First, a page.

Then we went to the Feast.

Everyone agreed that the above-mentioned ten were backbiting.  They included things like telling your spouse about something bad regarding a friend, or spreading rumours at work about someone.  They were fairly obvious.

The six that we knew were not backbiting?  It turned out that a few of them were.  I can't recall them offhand, but upon consultation, some of the friends pointed out how those situations could be considered backbiting.

As for the ones we were not sure about, it turned out most of them were backbiting, too.

I wish that I had saved those examples, but I didn't.  Either way, it really made me re-think what I thought I knew (I think that makes sense) about backbiting.  Backbiting is a far broader thing than I had imagined.

One thing that was pointed out by someone at the Feast was to look at the effects of an action.  If the effects matched that of backbiting, chances are that it was backbiting.

This consultation also helped raise the awareness of backbiting within the community without inadvertantly condemning anyone, and solved the problem far more smoothly than anything I would have imagined possible.  Consultation is such a wonderful gift that we have in the community.

Oh, and just in case anyone reacted like I did with the statement in Ruhi Book 1, quoted again above, (you know, the one that says if you have backbitten, the light of your heart is quenched and the life of your soul is extinguished?), don't worry.  Baha'u'llah solves this problem for us (did you ever think otherwise?) in Unit 2 of Book 1: the one about prayer.

He tells us to:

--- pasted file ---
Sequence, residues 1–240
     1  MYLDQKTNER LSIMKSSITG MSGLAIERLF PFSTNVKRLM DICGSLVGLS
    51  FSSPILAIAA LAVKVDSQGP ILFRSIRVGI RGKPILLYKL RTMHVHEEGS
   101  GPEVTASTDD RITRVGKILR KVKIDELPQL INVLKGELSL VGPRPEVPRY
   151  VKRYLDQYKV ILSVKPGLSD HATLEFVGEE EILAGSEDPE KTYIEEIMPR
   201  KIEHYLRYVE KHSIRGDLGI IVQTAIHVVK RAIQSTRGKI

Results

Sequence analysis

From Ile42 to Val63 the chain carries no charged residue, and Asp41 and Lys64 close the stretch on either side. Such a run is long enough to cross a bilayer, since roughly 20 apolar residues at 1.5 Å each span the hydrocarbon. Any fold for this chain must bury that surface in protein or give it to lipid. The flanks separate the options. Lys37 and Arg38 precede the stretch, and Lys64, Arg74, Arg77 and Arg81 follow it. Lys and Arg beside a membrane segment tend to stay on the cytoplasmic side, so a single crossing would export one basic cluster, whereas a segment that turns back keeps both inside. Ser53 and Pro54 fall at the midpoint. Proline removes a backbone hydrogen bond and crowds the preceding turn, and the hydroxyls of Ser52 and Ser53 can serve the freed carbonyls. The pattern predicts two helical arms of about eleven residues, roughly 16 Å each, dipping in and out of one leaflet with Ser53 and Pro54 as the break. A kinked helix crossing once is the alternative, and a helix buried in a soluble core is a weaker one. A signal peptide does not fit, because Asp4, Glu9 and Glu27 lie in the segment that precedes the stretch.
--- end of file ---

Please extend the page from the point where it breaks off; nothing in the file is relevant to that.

Intone, O My servant, the verses of God that have been received by thee, as intoned by them who have drawn nigh unto Him, that the sweetness of thy melody may kindle thine own soul, and attract the hearts of all men.

When you kindle something, it either increases the flame that is already there, or if there is no flame, ignites it.
So, me?  I just try to be more careful in the future not to backbite, even by accident, and at the same time, I say a lot more prayers.


  1. I wish you had those examples at hand I know I would really use them tomorrow when I have to face my coworkers and approach the whole topic without hurting anyone's feelings!! Thank you for the idea though!! :)

  2. If someone, because of selfish motives, secretly harms another and the harmed one tells others about the bad things the former has done to him, is this considered backbiting, or defending oneself, or seeking justice or else? What are the differences between these things?

    1. That's a great question, and I think I'll post it in another article, rather than answer it poorly here. (Of course, I'll probably respond poorly there, too, but let's find out.) Anyways, it's a great question you pose. Thanks.

    2. From Seremban Malaysia with love. Thank you..will share with some of the friends in my community and see how our community can be made aware of these corrosive effects

  3. Hi Mead, have you posted a response as noted above on November 12, 2013.

    1. Thank you so much for bringing this back to my attention. No, I don't think I ever did. I will work on it later this week. Thanks for the reminder.

  4. In response to the question above, from 12 November 2013, it seems to me that the most appropriate way to answer it is actually here in the comments, as opposed to another article.

    The question is whether or not it is ok to tell others about someone who harmed another, due to selfish motives. Well, quite simply, I think this is backbiting, and should be avoided.

    But what to do about it? Just let it sit? No.

    The first thing is to look at the severity of the issue. If it is a legal issue, you go to the authorities. If it is a community issue, and those involved are Baha'i, you go to the Assembly.

    However, if neither of those are appropriate, then you can talk to those involved about the importance of trust, and learning about character. These are always good things to talk about, but not in a manner that condemns another.

    This may not be as satisfying as watching someone get condemned by those around them but it will more likely build up the trust in the community, and give people the tools to be aware of the motives of others.